More than half (60%) of UK teens are grappling with growing school work anxiety, a recent study by financial institution Lowell has revealed.
Analysing responses from 1,500 children aged 6–16, Lowell’s research uncovers the extent to which the pandemic has negatively impacted students’ mental health. The survey showed that 31% of kids across the nation currently suffer pandemic-driven anxiety, stating that they are “constantly worried”.
When asked to list their top concerns, more than half (57%) listed school work as their main source of worry, followed by their family’s financial situation (23%) in second, and food poverty in third (15%).
COVID-19, e-learning and students’ mental health
With 73% of teenagers confirming that the coronavirus crisis had increased their daily anxieties, the general consensus was that the state of their education and social life – or lack their of – were the main drivers behind their growing concerns.
Education institutes of every level were forced to revert back to online teaching following January’s school closures, with the ensuing cancellation of exams and collapse of the economy contributing to feelings of employment uncertainty. These worries are in no way unfounded; according to research conducted by MoneySavingExpert last year, the number of 18- to 24-year-olds claiming Universal Credit or Jobseeker’s Allowance doubled in the UK between May and August 2020.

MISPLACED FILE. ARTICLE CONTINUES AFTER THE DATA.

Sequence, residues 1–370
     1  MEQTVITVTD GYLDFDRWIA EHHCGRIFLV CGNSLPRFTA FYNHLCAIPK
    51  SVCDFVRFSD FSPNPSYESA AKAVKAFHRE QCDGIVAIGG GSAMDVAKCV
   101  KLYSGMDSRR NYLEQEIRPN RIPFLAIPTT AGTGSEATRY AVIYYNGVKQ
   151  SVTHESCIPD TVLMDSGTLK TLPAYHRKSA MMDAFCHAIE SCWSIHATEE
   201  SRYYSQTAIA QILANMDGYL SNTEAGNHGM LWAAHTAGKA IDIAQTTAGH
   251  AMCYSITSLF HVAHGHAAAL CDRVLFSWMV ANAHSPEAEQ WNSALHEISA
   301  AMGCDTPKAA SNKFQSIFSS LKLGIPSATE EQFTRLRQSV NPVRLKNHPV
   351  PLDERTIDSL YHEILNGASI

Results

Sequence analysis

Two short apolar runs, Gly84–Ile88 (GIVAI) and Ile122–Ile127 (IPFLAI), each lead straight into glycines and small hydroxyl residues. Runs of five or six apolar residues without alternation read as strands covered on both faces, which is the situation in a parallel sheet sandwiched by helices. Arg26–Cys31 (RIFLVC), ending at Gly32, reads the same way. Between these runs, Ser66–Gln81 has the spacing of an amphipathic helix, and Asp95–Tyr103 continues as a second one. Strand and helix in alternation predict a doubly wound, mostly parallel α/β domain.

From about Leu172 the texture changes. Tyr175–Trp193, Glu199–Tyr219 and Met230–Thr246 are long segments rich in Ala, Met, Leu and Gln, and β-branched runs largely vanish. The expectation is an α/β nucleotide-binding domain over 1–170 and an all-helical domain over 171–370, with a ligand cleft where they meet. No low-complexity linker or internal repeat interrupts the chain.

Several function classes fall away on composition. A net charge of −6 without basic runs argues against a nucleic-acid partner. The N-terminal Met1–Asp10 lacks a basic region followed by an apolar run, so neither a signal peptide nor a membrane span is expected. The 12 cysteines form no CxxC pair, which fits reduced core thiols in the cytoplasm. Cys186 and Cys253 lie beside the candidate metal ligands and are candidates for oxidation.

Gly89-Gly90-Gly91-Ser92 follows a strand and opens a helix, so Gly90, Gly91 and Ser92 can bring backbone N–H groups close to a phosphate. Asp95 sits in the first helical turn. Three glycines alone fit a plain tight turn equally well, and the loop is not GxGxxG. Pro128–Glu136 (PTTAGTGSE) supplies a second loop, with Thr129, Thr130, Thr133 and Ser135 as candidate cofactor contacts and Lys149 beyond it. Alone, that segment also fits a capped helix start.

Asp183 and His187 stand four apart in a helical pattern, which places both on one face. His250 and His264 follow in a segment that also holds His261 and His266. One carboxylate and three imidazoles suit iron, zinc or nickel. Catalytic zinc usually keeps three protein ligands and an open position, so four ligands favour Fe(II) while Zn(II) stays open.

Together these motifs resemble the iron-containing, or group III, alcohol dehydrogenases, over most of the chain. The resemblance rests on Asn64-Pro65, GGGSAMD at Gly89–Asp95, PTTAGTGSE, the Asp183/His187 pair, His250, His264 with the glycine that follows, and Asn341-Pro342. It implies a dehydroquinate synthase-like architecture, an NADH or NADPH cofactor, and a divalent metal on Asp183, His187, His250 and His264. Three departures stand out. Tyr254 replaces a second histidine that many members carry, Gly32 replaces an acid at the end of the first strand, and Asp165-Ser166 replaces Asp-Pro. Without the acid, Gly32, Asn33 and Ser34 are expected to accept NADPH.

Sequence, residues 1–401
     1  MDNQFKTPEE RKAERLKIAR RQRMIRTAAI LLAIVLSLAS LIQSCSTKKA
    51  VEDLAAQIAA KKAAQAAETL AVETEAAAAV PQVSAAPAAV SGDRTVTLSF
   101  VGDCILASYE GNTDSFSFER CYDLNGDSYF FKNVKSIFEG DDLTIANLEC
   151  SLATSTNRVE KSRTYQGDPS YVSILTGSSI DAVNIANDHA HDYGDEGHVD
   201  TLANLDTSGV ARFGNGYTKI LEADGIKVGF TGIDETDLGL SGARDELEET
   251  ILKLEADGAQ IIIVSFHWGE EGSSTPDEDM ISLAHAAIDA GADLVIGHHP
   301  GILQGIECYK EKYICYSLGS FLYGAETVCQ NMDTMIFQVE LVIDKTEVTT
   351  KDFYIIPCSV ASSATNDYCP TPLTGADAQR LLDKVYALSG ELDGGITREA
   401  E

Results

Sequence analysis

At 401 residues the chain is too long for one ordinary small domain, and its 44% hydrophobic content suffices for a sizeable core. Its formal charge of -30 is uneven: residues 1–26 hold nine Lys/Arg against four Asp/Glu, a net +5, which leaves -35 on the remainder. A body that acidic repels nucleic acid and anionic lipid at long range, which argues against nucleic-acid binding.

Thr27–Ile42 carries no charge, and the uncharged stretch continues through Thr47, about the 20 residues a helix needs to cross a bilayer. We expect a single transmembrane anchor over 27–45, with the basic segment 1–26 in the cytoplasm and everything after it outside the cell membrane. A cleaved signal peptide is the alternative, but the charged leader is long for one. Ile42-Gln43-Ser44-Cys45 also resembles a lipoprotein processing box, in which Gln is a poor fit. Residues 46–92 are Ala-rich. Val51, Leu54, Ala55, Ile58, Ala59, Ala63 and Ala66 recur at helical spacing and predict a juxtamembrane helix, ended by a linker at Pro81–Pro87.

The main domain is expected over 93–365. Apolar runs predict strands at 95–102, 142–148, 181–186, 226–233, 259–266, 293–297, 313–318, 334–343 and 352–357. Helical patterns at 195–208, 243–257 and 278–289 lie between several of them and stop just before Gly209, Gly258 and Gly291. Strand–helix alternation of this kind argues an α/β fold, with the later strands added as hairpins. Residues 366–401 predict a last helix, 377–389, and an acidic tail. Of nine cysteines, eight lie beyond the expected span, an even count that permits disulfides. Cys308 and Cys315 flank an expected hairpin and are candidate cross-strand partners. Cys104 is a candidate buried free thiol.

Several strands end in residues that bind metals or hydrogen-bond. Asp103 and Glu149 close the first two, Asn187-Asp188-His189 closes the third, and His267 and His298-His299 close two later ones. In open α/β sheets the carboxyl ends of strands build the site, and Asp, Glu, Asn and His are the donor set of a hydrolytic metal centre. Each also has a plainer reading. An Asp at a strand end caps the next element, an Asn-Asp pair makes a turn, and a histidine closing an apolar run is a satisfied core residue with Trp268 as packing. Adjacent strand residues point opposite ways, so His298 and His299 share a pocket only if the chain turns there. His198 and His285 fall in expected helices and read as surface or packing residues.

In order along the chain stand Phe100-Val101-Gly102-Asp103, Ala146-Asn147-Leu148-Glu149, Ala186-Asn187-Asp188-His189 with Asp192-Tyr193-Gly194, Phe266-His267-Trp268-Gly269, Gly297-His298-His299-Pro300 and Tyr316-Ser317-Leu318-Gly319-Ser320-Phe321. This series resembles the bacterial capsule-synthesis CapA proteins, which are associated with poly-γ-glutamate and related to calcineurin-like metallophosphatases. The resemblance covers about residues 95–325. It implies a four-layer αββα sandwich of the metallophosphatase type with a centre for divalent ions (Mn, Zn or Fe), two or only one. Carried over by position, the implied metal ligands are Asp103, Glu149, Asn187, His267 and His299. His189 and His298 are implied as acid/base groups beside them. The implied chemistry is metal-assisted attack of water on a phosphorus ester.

Only last month, the government announced that exams and assessments would once again be cancelled in favour of teacher-predicted grades, following a national spike in confirmed COVID-19 cases as we entered 2021.
While 60% of teens are feeling anxious about their school responsibilities, 55% are worried about the results of their school tests – likely a continuation of the angst and confusion following last summer’s exams fiasco, in which 36% of A-level results were downgraded by the Ofqual algorithm, sparking the controversial government U-turn towards teacher-assessed grades.
What maybe more alarming is that 35% of teenagers are worried about their mental health due to the restrictions put in place for COVID-19.
“During this time of global instability, many people are anxious about a number of things,” said John Pears, managing director of Lowell UK.
“As a parent myself, I find it very upsetting to think that children are worrying about anything, let alone family finances.
“We would urge anyone, regardless of whether they have children, to reach out and speak to someone if they are struggling with their finances. There are a number of organisations out there who can provide specialist impartial support to anyone who is feeling pressure.”